What is Ella?
Ella, short for EllaOne, was recently approved by the Food and Drug Administration for use as a five-day contraceptive, meaning that it is effective for up to five days after having unprotected sex. It was previously approved for use in 44 countries, including European countries, in early 2009. It is said to be as twice as effective as the currently existing emergency contraceptive drug, Plan B, which is only effective for up to 72 hours after unprotected sex.
Created by Dr. Christiane Northrup, the controversial drug Ella is made up of a chemical called ulipristal acetate. This is the same chemical found in RU 486, the abortion pill, but it is not intended for use as a means to terminate an unwanted pregnancy, not is it meant for use as a regular form of contraception.
A clinical study including 5,000 women from the United States and Europe showed that “no deaths occurred and no unexpected adverse outcomes were observed in the clinical development program.” Side effects included common adverse reactions such as headache, nausea, and painful menstruation. Other clinical trials, including both Ella and Plan B, showed that twice as many pregnancies were prevented with the use of Ella than with the use of Plan B.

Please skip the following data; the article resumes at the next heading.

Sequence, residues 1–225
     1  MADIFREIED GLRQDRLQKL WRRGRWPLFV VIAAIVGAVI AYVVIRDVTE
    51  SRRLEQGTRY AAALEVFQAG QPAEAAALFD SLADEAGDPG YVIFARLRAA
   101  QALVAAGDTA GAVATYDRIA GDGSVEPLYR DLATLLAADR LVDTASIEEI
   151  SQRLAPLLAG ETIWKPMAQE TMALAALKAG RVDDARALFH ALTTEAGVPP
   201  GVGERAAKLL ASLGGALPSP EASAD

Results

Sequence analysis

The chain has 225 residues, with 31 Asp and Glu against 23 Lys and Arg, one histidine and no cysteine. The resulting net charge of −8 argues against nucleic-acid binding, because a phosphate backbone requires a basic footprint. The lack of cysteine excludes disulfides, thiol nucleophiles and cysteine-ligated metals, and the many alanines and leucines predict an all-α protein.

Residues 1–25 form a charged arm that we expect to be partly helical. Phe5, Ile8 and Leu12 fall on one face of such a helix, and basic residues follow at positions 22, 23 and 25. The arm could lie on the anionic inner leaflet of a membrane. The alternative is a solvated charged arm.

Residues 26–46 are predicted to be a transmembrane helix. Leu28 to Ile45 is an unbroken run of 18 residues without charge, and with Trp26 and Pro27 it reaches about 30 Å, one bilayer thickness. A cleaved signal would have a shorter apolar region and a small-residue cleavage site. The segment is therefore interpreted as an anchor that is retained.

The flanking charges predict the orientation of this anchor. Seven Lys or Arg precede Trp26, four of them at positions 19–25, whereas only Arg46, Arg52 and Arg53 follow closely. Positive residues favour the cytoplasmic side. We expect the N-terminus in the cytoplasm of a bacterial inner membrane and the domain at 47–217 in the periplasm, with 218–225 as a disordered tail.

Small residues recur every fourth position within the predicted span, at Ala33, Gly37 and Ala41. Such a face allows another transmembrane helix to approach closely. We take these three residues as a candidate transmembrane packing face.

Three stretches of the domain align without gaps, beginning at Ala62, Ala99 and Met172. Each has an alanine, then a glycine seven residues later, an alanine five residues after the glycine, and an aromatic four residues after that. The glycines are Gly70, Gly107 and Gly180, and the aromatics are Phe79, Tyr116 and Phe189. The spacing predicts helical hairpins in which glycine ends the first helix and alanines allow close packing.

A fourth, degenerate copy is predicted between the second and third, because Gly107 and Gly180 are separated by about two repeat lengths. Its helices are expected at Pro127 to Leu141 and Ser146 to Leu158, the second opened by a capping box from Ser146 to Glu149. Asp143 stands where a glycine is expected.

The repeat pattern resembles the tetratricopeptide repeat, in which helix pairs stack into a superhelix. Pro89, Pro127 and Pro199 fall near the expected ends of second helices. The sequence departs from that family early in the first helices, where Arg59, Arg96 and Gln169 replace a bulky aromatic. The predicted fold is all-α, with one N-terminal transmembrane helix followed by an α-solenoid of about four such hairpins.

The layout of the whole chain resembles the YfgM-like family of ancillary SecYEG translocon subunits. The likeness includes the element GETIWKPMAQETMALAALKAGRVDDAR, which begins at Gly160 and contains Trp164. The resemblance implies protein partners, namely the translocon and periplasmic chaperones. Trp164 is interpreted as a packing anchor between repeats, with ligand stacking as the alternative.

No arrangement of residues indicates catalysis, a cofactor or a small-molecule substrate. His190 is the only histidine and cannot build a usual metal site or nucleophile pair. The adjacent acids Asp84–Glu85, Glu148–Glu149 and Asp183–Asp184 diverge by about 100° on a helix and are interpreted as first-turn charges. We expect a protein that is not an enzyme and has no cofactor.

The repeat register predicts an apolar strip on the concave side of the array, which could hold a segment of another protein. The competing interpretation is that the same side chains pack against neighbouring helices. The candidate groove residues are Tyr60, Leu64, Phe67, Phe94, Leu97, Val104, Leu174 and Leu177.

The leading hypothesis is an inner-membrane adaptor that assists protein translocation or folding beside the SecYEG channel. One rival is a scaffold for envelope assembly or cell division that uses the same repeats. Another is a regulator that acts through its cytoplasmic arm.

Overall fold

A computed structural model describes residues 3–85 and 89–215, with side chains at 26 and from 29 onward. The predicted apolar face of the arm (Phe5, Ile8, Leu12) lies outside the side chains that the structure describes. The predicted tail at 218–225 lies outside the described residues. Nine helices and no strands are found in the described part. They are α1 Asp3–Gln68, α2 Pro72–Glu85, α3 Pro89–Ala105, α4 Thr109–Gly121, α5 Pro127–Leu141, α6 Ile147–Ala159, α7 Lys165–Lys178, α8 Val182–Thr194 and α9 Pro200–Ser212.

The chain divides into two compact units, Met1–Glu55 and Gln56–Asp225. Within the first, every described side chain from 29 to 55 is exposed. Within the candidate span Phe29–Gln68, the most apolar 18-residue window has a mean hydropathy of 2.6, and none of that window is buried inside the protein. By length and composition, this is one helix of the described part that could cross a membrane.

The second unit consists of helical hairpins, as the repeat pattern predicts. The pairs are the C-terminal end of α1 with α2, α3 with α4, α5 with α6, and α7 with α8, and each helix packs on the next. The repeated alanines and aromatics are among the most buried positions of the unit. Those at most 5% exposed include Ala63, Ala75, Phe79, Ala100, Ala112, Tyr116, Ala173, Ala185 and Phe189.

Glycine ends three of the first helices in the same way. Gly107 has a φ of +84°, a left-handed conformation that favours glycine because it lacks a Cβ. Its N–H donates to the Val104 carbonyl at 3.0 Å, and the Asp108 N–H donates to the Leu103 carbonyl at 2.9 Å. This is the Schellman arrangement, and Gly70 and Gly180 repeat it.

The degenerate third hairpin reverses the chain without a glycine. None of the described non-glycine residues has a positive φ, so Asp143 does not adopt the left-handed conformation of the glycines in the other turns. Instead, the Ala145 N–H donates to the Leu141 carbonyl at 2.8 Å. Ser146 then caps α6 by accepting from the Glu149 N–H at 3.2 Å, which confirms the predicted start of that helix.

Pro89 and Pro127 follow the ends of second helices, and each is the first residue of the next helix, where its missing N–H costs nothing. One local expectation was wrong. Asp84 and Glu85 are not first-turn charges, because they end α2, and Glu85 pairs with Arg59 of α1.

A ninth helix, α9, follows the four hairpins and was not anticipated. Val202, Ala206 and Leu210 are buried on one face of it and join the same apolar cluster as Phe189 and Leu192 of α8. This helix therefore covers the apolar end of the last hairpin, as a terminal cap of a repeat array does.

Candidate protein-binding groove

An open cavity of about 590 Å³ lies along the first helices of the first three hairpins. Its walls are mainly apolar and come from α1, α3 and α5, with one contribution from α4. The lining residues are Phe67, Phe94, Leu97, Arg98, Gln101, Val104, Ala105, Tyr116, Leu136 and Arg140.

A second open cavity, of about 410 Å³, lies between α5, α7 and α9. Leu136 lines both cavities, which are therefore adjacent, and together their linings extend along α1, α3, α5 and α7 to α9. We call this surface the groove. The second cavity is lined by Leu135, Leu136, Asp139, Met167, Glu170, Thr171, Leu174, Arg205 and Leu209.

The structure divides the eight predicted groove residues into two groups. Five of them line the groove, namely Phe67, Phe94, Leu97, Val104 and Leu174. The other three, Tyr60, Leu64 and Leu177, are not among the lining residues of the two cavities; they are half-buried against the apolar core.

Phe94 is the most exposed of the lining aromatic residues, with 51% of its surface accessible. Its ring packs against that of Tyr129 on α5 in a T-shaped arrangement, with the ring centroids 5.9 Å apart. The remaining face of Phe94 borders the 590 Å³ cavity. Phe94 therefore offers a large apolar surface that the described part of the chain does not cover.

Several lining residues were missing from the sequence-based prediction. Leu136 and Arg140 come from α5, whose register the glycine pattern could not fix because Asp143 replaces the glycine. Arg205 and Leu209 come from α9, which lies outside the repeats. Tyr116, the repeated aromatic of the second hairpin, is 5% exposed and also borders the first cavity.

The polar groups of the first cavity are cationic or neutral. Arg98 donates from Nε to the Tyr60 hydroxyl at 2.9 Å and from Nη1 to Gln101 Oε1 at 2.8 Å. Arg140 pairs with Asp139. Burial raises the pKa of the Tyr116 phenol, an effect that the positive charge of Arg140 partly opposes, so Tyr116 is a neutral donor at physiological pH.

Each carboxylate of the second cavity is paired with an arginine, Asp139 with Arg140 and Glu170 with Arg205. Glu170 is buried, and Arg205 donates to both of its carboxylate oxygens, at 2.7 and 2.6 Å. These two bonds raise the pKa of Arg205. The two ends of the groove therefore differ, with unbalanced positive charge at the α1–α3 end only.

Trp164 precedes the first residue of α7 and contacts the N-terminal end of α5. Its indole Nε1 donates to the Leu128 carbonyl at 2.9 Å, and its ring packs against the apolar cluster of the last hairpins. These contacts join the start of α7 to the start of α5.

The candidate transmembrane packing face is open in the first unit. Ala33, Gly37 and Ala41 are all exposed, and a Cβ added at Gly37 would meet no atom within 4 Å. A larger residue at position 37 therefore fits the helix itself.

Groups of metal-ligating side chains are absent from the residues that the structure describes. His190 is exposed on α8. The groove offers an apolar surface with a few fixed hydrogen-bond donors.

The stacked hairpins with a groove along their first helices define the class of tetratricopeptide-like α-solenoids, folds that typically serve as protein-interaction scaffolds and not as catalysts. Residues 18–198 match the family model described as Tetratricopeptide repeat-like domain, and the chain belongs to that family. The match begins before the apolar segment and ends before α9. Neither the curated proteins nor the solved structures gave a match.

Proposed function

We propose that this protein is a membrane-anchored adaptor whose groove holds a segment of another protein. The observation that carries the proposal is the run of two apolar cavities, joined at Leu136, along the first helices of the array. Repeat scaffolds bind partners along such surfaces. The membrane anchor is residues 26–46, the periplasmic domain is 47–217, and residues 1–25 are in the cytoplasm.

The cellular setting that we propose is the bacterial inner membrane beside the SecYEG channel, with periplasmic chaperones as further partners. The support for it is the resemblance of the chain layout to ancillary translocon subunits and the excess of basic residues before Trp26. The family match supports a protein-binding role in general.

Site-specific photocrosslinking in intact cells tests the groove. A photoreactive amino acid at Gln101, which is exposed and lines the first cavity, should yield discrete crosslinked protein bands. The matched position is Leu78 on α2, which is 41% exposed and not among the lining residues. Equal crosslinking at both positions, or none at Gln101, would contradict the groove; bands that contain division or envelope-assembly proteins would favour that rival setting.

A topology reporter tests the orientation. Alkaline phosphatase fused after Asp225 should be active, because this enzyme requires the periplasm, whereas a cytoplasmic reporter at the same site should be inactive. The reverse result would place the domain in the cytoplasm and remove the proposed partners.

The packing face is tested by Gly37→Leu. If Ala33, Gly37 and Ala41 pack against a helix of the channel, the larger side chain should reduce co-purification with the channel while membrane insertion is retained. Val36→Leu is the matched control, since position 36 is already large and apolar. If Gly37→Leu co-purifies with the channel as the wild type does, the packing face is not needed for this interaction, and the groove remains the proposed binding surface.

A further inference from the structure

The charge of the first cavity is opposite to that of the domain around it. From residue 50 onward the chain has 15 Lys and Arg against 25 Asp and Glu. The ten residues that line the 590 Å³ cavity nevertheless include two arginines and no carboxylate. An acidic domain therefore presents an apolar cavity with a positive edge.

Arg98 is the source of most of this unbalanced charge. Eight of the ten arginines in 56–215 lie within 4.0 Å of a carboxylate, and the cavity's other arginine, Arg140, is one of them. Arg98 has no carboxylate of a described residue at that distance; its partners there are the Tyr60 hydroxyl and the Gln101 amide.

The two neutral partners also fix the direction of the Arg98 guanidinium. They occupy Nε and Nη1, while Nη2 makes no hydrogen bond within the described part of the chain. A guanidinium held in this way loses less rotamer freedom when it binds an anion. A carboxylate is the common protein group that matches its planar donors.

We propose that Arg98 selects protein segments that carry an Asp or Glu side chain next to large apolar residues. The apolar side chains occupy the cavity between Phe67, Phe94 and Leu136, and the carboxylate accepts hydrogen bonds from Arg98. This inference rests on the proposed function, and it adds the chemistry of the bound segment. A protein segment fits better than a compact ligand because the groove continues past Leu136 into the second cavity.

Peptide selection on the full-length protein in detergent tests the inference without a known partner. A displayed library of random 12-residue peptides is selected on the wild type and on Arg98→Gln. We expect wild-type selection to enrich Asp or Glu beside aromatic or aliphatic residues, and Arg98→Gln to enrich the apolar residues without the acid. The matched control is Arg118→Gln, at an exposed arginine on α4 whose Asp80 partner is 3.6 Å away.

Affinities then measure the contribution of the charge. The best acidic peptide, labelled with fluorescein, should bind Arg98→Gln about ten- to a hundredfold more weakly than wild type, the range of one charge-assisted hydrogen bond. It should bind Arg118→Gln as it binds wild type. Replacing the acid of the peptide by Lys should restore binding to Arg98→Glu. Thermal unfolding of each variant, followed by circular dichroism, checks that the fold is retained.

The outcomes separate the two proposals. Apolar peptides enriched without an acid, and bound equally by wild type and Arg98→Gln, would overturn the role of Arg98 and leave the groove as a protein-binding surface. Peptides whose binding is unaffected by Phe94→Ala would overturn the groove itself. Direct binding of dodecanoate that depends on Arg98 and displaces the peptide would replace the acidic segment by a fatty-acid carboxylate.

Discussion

How Does Ella Work?
There have been arguments about how Ella works. Some say that it actually aborts a tiny fetus, while others say that it prevents ovulation from occurring. Ovulation is the process by which a single, mature egg is dropped from the ovarian follicle. This is egg, being mature, is ready to be fertilized. Because of how quickly fertilization occurs and how long Ella is effectively available for use, there is controversy over whether this drug is preventing pregnancy or actually terminating one. It is effective for up to five days after unprotected sex. By day 7 of a pregnancy (the fifth day after sex), the fertilized egg is already attaching itself to the wall of the uterus.
Although it is unclear whether Ella blocks ovulation, prevents pregnancy, or terminates an early pregnancy, studies have shown that it does block progesterone. Progesterone, known as the female sex hormone, is a chemical in the body that is necessary during pregnancy. It promotes the growth and development of the embryo and fetus.
“New Emergency Contraceptive ‘Ella’ Safe, Effective, FDA Experts Say.”
The New Mexico Independent. 06/16/10. Web. Accessed 08/25/10.
“FDA Approves Ella as 5-Day-After Emergency Contraceptive.”
The Washington Post. 08/14/10. Web. Accessed 08/25/10.
“New Contraceptive ‘Ella’ Awaits FDA Approval”
Top News United Kingdom. 06/14/10 Web. Accessed 08/25/10.